A REIG is a good investment choice if you want to own a stake in physical real estate, as opposed to a REIT, which grants you access to dividends that come from investment in physical real estate. A REIG, potentially, can also be a good way to learn how to invest in physical real estate from other members.
8. Property tax lien investing
Property tax lien investing is pretty straightforward. Someone covers the cost of outstanding taxes out on a tax lien as well as any interest and fees. When the property’s owner makes their property tax payments, you collect the principal and interest from the state or municipality.
You can invest in property tax liens either by buying the property tax liens yourself at an auction, or by investing into special property tax lien investment funds managed by investment companies. One of the challenges of investing in property tax liens outside of a property tax lien investment fund is that when you go to the auctions, which aren’t available in all states, you may end up getting out competed by representatives of the taxfund.
Otherwise, if you buy the tax lien at an auction, there’s not too much risk because owners usually make up their back payments in six months to three years. It is possible that the property owner will fail to make their payments, which allows the investor to put the property into foreclosure, but this is uncommon.
9. BRRR Investing method: Buy, Rehab, Rent, Refinance, Repeat
Buy, Rehab, Rent, Refinance, Repeat (BRRR) is a popular long-term property investment strategy. Initially, the strategy entails performing the steps that constitute the acronym BRRR: buying a property at below market value, rehabbing it, finding tenants, refinancing, and then using the funds saved from renting and a potential cash-out refinance to repeat the process.
Eventually, however, BRRR allows you to repeat the process using economies of scale, which means that the project’s cost is more manageable because the amount of capital invested into the project allows you to negotiate better deals on labor and materials.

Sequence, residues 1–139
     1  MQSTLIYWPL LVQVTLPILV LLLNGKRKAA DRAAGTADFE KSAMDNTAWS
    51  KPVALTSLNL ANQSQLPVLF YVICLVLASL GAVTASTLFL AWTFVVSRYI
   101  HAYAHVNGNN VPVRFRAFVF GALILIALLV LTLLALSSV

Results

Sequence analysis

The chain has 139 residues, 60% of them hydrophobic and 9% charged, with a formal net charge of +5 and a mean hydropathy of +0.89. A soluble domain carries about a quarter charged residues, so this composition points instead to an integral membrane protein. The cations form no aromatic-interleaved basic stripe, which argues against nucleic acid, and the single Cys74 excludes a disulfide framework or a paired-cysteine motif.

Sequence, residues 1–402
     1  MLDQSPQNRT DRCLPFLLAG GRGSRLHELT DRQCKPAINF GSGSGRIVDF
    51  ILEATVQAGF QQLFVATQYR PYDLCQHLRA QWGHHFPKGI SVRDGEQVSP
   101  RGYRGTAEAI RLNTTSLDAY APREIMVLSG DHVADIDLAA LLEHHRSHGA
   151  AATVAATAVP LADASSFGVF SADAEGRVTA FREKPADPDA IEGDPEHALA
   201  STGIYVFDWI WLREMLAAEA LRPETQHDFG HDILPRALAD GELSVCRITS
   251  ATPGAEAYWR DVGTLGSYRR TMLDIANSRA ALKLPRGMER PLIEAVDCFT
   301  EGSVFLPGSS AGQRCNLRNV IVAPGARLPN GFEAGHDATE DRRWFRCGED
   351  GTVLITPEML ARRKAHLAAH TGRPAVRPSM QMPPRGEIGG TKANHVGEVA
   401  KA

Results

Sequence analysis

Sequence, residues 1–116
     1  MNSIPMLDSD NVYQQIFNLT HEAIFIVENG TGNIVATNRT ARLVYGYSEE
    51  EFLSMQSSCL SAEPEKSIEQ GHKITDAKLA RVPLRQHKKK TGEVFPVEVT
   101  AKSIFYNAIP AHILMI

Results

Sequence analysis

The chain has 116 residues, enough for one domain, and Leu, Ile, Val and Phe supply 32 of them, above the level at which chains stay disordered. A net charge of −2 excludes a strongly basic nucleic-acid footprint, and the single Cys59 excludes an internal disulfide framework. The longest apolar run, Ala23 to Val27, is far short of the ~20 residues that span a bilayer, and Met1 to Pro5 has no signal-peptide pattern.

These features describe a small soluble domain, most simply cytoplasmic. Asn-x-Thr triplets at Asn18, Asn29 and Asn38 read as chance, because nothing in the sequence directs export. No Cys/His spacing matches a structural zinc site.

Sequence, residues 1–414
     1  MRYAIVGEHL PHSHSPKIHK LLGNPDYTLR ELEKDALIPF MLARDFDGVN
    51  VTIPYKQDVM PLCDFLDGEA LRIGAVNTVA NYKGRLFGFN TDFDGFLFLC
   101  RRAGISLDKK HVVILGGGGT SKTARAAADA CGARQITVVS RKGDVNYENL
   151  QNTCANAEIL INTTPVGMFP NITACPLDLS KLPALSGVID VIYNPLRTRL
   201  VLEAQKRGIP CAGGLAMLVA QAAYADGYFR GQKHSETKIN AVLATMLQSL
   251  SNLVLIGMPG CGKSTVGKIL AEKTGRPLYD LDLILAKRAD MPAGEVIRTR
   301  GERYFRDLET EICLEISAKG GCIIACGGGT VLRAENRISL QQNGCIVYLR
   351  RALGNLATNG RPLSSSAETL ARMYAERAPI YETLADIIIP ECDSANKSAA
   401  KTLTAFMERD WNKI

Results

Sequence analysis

As a result, the greater the scope of your investment portfolio, the more resources you have to invest in it, letting you purchase more lucrative properties and enjoy larger returns. Using BRRR, a successful real estate investor can truly build a real estate empire!
10. Rental debt snowball and all cash rental plans
Rental debt snowball and all cash rental plans are two strategies that use the same principle: snowballing all of your money to accomplish a goal. Rental debt snowballing entails utilizing the positive cash flow from all your various revenue streams to pay off your mortgages one by one until you’re debt-free.
All cash rental plans, similarly, involve snowballing all of your income to purchase property debt-free. Doing so minimizes your risk and helps you build wealth!
11. BURL: Buy Utility, Rent Luxury
The theory behind BURL is that, basically, you buy properties that have a higher cap rate that are able to recoup their investment and start generating a profit quickly so that you can afford to rent out luxury real estate with a low cap rate that would recoup their initial investment and start generating a profit more slowly. The idea is that the appreciation of a luxury property in an area like New York City or San Francisco will make the investment worthwhile. In some cases, investors practicing BURL will even buy properties outright if the deal is good enough.
Bottom line on real estate investing strategies
With so many investment strategies out there, there’s a real estate investment strategy out there that will suit your cash reserves, risk tolerance, time, and how involved in your investment you want to be.
A seasoned investor also knows how to choose the right legal entity for your real estate investment so that they can benefit from various tax incentives and reduce their liability.
It takes self-knowledge to know which strategy works best for you and a willingness to experiment. Luckily, as a real estate investor, you aren't limited to just one approach since many of the skills are translatable. That’s the beauty of real estate investing: there’s something for everyone!
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In the meantime, learn more about ways to start with a smaller downpayment here.